Thursday, October 12, 2006

It's Almost Time For...


Yes, folks, it's almost time for that most glorious of Christian anti-holidays where we drag our kids to church in scarecrow and pumpkin costumes, maybe put on a pageant, and have them pick candy out of boxes, all while wishing they were out trick or treating.

I have to say that out of all the holidays completely fabricated by Christians to oppose a popular secular holiday, Harvest-ween has to be the most fun. In honor of the fast approaching anti-holiday, and the entire Harvest-ween season in general, I've dug up this piece of beautiful harvestry.

Count my blessings? Okay, hideous pumpkin thing!

1. Thank you, Lord, for my home, and the food you provide.

2. Thank you, Lord, for my beautiful wife.

3. Thank you, Lord, for my brothers and sisters in Christ.

4. Thank you, Lord, for all this awful Jesus junk, manufactured by my brothers and sisters in Christ, giving me an outlet for my cynicism and various other frustrations.

5. Finally, thank you, Lord, for my readers. Seriously, you guys rock.

A note about Halloween evangelism: Some people do see it as an evangelism opportunity and hand out tracts on Halloween.

Generally, I'm opposed to tract evangelism, opting for forming more long term relationships. But on one night, when tons of kids are coming to your door, you don't really have time to form relationships, so you try to get in what you can, and that's okay. But don't ever, ever, hand out a tract without candy. That's as bad as leaving a tract at a restaurant without a tip.


Allen said...

Speaking of passing out tracts to trick-or-treaters, we did one better than that, in my strange demented childhood! We kids dressed up on Halloween and went ~snicker~ "tract-or-treating"! Basically, you go knocking on doors, say "tract-or-treat" and hand them the tract (probably one of those Chick anti-Halloween ones)!
I don't know whether this is sad, funny, or clever. But I'm leaning toward sadly funny.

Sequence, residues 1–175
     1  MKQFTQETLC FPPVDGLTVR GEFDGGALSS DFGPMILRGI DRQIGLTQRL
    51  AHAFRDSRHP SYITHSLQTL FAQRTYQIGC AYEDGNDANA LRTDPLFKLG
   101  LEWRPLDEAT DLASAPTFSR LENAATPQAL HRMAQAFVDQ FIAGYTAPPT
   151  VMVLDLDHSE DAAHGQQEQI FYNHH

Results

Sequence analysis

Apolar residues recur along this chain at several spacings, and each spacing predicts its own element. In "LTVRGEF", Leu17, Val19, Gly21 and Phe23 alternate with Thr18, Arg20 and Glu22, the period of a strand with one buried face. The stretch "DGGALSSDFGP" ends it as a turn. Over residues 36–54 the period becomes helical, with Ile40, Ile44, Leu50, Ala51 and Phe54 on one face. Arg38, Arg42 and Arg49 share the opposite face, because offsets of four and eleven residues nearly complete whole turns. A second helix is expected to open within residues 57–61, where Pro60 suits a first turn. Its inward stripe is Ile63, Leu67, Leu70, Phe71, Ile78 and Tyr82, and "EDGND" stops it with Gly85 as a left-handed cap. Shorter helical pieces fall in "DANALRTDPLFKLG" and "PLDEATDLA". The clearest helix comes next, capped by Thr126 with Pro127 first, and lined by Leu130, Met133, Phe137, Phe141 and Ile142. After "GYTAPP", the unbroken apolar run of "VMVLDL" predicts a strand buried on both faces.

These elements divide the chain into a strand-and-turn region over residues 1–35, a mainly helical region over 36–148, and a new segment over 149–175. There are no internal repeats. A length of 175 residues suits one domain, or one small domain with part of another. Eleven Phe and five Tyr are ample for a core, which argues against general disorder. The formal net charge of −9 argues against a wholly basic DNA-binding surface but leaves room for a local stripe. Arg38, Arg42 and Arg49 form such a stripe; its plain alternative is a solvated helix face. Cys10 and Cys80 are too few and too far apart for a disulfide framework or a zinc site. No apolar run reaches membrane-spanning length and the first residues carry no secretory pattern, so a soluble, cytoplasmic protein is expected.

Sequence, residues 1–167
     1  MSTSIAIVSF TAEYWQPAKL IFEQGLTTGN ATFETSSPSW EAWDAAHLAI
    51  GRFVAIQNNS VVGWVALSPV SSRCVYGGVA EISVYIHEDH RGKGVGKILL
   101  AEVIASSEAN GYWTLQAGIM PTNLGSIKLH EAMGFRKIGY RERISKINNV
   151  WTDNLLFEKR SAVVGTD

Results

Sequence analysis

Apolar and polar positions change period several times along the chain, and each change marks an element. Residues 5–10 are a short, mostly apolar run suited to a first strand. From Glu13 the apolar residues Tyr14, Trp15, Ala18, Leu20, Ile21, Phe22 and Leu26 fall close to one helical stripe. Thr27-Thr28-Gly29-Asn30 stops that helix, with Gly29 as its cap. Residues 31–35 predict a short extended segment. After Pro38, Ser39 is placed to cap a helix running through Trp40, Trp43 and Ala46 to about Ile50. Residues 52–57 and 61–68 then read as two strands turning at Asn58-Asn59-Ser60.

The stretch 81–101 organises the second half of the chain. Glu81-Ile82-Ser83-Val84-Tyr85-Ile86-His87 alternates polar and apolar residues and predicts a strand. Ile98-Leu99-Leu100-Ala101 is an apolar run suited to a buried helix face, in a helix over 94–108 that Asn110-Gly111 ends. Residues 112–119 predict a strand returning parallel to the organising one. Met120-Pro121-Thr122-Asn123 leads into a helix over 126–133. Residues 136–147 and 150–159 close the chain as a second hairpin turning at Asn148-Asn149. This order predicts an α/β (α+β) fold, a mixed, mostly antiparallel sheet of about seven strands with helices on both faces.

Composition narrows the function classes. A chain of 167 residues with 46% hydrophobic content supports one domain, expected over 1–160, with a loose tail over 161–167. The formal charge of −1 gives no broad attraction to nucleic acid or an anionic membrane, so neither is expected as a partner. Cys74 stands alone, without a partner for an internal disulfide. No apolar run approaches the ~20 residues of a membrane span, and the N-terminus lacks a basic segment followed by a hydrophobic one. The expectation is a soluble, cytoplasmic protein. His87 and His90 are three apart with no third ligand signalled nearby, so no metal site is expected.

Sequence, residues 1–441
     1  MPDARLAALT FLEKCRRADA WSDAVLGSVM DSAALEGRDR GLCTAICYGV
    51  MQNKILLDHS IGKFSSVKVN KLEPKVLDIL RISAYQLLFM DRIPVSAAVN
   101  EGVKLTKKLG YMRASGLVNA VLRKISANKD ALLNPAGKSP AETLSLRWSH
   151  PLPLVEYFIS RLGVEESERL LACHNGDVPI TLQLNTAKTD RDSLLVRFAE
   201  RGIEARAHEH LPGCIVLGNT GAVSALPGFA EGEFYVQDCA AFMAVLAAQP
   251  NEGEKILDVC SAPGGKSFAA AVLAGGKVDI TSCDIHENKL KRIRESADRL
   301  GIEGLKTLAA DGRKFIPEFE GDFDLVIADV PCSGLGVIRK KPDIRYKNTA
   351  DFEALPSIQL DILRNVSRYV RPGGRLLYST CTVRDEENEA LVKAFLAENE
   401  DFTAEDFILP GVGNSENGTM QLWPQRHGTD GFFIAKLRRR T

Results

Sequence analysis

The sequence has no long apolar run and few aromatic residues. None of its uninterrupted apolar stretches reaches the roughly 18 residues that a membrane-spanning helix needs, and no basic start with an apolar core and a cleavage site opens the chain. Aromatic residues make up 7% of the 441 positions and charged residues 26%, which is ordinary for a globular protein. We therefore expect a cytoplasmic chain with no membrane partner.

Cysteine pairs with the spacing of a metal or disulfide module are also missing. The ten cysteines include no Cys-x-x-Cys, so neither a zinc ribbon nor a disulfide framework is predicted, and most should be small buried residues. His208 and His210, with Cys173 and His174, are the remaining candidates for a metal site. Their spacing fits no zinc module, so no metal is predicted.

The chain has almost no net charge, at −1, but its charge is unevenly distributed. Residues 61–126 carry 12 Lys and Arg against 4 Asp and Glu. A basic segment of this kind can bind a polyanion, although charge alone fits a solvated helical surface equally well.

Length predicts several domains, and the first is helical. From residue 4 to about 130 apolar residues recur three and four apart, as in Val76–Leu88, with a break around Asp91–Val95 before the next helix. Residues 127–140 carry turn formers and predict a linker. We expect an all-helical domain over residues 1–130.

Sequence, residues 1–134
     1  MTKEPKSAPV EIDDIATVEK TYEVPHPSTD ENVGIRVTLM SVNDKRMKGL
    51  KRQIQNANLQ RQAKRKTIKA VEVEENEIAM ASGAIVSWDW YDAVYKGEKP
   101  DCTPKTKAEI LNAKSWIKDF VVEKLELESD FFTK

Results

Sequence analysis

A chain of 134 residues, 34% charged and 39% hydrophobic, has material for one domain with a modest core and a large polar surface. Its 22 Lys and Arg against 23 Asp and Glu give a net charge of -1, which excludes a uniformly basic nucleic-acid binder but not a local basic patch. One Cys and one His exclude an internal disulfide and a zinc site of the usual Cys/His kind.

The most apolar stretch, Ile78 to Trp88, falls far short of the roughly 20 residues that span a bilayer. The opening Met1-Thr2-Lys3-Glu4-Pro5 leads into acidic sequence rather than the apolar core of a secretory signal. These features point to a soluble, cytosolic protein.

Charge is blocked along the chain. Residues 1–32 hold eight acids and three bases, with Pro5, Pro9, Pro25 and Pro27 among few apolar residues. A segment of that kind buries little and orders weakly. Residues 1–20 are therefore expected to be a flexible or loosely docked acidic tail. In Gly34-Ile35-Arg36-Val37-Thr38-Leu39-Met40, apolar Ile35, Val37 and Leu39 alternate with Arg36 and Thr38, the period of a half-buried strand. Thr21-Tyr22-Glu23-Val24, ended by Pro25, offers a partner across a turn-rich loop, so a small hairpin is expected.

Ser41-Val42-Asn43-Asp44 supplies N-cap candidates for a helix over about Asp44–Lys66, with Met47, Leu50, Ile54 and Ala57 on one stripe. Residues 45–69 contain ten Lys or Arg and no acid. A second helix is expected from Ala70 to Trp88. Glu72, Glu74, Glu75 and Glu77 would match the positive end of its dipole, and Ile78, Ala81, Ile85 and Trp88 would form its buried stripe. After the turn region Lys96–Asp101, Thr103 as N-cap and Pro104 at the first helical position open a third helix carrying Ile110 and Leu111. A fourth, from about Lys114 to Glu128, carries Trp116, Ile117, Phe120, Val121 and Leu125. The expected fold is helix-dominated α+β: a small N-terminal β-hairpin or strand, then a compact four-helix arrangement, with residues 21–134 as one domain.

Allen said...

Sorry for the double post here, but I just remembered: If you really want to milk this harvest theme, just celebrate the feast of tabernacles. It's a harvest festival in which a less-tacky version of that pumpkin would fit.

And don't get me started on Purim!

Miss Kitty said...

In my area, a local (hard-core, very fundamental) church puts on Judgment Journey, which is a haunted house filled with the horrors that non-Christians will experience if they don't accept Christ. One room's an abortion clinic filled w/ blood/guts/guilt/torment/screaming; another's a girl who gets assaulted after drinking at a party; another's the Hell Room, and has people burning & suffering after death. It's a disgrace.

And it gets thousands of visitors every year. They have a little tent outside the exit where paramedics treat those who've had a freak-out attack...and then they help you take Christ as your Savior. But I've always thought piss-in-your-pants fear was never a very good reason to become a Christian. And this kind of conversion probably doesn't last long.

Why can't folks just NOT celebrate Halloween if they don't like it? Sheesh.

Gregory said...

Unfortunately, scaring the hell out of people is a common tactic for extremely fundamental churches.

To be honest, I am a fundamentalist; that is, I take (most) of the Bible literally, and/or at face value. But what some fundamental churches do is disturbing to me. I've seen churches do what you're describing, and I hate it.

There's actually a Pentecostal (read: extremely charismatic) college near my house that puts on a walk through show every Christmas called "Back to Bethlehem" where they have visitors re-enact the journey to Bethlehem for the census. I wonder why churches can't do similiar, unbeliever friendly, inspiring events for Halloween?

Miss Kitty said...

The "road to Bethlehem" would be soooo much better for attracting the non-believer! Indeed, why not something similar for Halloween?

I'm Episcopalian, and we have a service every November 1--it's All Saints Day. In the past we've had a church trick-or-treat get-together, at which we trick-or-treated and discuss the (sometimes pagan) beginnings of our faith. If I were a non-believer, I think something of this sort would entice me to want to know more about the Christianity thing. Maybe the churches who try the scare-the-crap-out-of-folks tactic are again trying too hard to copy a secular world from which they say they're trying to separate themselves? Hmmmm.

Gregory said...

That's a very poignant observation, Miss Kitty.

Allen said...

I guess Protestants could dress up as Martin Luther and go around nailing lists of complaints to church doors that night.

Gregory said...

I think that would be a suitable pastime for people like us.

Miss Kitty said...

Hahahahahaaaaaa! The Martin Luther idea is great!